Session #001 Meet Matt
Matthew, which means “Gift of God”, is mentioned twice in the entire gospel. As a tax collector, Matthew served King Herod Antipas, collecting tariffs on goods passing on the road from Damascus to the Mediterranean Sea. He is probably an educated man and wealthy through these means. Despised by Jews and considered a traitor, a tax collector is mentioned in the same breath as sinners (Matthew 11:19). He is referred to as Levi in Mark 2:14 and Luke 5:27.
Only Matthew refers to himself as a tax collector, recognizing and remembering God’s grace extended to sinners. From serving Caesar, he now serves King Jesus. From being a middleman for Roman government, he became a priestly mediator for Jesus. From keeping strict accounts for profit, he became a scribe to record the good news of Jesus Christ. From one despised, taking from others, he became God’s gift, giving to others.
Matthew and the Other Gospels
Matthew, the first gospel in the New Testament (NT), serves as a bridge between the Old Testament (OT) and the NT. The focus of the gospel of Matthew is the King and His kingdom. The kingdom of heaven (God) is mentioned 32 times.
From that time Jesus began to preach and to say, “Repent, for the kingdom of heaven is at hand.” (Matthew 4:17)
Significance of OT in Matthew
There are more than 60 references to OT scriptures. “It is written” appears 9 times and “that it might be fulfilled”, 12 times. This is especially important and critical to Jewish audiences who were looking to the fulfillment of OT prophecies. Matthew spares no effort, led and inspired by the Holy Spirit, to declare Jesus is the One, the Messiah, the King who is to come. Jesus Himself declared that He did not come to abolish or destroy the Law or the Prophets but to uphold and to fulfill it. (Matthew 5:17) All Scriptures testify of and reveal Jesus. The OT is still relevant today.
Structure of Matthew
Broadly, this is a three-fold structure: Introduction: 1:1 – 4:16, Body (Galilean Ministry): 4:17 – 16:20 and Conclusion (Jerusalem Conflict): 16:21 – 28:20. Five major discourses which are not necessarily chronological are arranged by Matthew for the purposes of teaching and emphasis. All discourses end with “when Jesus had finished…”
7:28 these sayings
11:1 commanding His twelve disciples
13:53 these parables
19:1 these sayings
26:1 all these sayings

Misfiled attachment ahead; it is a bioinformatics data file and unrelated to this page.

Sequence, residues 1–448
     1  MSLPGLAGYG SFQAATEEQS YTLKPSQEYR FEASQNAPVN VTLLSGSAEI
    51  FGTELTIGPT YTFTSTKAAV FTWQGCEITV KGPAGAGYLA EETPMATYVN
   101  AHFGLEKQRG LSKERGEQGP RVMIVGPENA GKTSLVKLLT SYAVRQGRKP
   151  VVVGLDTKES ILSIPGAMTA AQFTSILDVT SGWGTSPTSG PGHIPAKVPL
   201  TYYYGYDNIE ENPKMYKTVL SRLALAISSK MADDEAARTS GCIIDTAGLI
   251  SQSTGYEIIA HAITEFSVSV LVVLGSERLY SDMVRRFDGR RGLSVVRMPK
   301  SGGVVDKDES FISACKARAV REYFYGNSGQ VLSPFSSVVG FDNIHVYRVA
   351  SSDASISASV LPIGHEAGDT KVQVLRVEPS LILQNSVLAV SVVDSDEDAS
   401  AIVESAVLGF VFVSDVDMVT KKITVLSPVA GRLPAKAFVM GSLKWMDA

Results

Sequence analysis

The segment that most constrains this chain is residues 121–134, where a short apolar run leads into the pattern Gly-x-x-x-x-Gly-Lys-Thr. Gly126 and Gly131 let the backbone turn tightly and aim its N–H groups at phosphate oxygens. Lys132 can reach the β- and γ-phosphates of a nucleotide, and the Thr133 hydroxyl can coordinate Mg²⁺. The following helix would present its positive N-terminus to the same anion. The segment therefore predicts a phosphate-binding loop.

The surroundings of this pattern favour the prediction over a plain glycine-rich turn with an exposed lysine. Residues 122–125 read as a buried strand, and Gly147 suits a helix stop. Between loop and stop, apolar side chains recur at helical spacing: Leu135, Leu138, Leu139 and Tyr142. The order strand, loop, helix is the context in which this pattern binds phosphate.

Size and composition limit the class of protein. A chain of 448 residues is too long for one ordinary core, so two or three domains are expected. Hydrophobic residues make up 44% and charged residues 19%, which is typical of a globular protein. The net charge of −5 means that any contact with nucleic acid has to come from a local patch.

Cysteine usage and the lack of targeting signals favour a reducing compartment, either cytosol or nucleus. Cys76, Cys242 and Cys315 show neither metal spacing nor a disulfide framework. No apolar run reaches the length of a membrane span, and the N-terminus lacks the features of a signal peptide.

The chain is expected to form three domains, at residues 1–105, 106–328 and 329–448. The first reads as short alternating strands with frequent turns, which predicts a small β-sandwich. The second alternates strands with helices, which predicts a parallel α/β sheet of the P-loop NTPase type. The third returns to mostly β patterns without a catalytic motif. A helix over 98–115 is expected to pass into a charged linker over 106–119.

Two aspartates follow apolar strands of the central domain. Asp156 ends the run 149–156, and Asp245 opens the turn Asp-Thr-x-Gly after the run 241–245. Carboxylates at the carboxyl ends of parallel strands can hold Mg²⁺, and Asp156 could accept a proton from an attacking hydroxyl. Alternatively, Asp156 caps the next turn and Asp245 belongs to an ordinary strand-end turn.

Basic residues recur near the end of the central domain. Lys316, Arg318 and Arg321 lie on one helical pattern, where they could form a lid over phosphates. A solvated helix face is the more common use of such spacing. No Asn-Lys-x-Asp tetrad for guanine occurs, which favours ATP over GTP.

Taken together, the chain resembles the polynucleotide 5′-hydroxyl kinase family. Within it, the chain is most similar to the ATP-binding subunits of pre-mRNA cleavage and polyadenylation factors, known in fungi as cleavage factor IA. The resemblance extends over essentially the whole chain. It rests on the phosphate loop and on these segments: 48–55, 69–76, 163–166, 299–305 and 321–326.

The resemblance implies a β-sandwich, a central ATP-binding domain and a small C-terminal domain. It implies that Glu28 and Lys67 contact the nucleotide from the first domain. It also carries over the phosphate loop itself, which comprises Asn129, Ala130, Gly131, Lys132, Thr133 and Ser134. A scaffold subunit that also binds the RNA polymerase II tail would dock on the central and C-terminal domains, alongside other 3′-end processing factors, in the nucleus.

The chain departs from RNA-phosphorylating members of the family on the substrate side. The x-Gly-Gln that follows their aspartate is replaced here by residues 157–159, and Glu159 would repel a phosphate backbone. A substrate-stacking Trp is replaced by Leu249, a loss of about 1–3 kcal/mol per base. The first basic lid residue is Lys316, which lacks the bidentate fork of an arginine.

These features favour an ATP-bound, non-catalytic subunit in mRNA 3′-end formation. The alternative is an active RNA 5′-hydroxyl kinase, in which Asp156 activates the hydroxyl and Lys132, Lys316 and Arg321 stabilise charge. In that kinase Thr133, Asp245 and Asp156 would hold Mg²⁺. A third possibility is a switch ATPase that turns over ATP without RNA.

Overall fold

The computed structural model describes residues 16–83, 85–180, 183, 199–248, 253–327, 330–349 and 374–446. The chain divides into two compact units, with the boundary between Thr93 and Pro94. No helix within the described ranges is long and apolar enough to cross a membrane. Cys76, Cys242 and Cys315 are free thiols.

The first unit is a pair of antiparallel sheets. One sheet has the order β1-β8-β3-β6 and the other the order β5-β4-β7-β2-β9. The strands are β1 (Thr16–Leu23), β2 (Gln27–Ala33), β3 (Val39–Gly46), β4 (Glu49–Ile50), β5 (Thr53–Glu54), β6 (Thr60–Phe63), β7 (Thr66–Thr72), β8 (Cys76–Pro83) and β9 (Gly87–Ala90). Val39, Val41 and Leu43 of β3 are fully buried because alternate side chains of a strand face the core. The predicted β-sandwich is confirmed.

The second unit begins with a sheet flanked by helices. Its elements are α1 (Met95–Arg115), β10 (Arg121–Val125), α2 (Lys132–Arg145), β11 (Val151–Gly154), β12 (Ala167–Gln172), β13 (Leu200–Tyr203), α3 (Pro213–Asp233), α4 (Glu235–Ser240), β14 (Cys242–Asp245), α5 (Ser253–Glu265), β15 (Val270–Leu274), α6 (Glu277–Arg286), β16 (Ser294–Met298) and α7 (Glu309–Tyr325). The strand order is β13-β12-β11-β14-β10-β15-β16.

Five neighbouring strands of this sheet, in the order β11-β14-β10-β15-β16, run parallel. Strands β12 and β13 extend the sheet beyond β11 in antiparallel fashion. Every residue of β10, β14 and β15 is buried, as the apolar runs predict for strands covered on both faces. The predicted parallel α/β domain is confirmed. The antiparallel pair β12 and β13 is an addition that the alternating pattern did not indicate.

Discourse I: Sermon on the Mount (Matthew 5-7)
Jesus as the new Moses who gives the law from atop the mountain of God. He calls all to kingdom righteousness and perfection. He gives the correct interpretation and application of kingdom laws and kingdom living.
Discourse II: Commissioning of the Twelve (Matthew 10)
Jesus as the new Joshua. As Joshua was commissioned as the new leader, so the twelve as new leaders of the kingdom, sent (apostles) into the enemy territory with power and authority. Jesus prepares His disciples to face challenges, opposition and persecutions. It will not be an easy ride.
Discourse III: Kingdom Parables (Matthew 13)
Jesus as the new and greater Solomon. The wisdom of the kingdom as expressed and understood through the kingdom parables outflows into the works of the kingdom. At the end of discourse, the people marveled at the authority and wisdom of Jesus (Matthew 13:54).
Discourse IV: The Church (Matthew 18)
Jesus as Elijah and the Church as the “called out ones”. Likened to Elijah and Elisha in the time of the divided kingdom, Jesus is rejected by greater Israel, supposedly God’s people. As new “sons of the prophets”, a separate community with true kingdom values and perspectives of humility, servanthood, grace and mercy, the Church with the spirit of the forerunner (Elijah and John), proclaims and prepares the way of the Lord, making ready His people.
Discourse V: The Olivet Discourse (Matthew 23-25)
Jesus as Jeremiah and Ezekiel. In Matthew 23:37-39, Jesus laments over Jerusalem, like Jeremiah did. In Matthew 24:1-2 Jesus departs from the temple, like in Ezekiel 8-11, where the glory departs, signifying the end of the temple system.
KINGDOM101 Emphasis and Key Lessons
God’s Word and prophecies are trustworthy. It also relates to end time prophecies for urgency and response. The authority and trustworthiness of God’s Word enables certainty, comfort, courage and cause. We need readiness, faithfulness and wisdom these days.
The gospel of Matthew is addressed to the Jews, God’s kingdom and covenant people. They were given the Scriptures and promises, but they were dull of hearing. They served a foreign system, but oppressed their own. They had wrong expectations of the Messiah, misunderstood and missed the King and His kingdom. How is the Church faring as God’s people? What kind of gospel are we preaching? What kind of lives are we living? Whose kingdom are we building?
Do we know our King? Who is Jesus to you? Do we understand the good news of the kingdom? Do we understand church in the context of kingdom? Do we embrace the kingdom through discipleship? Are we ready for offence and opposition?
The gospel of Matthew is a kingdom manual that will challenge and prepare us to serve the KING and to live for the KING, “101”, the need to go BACK TO BASICS.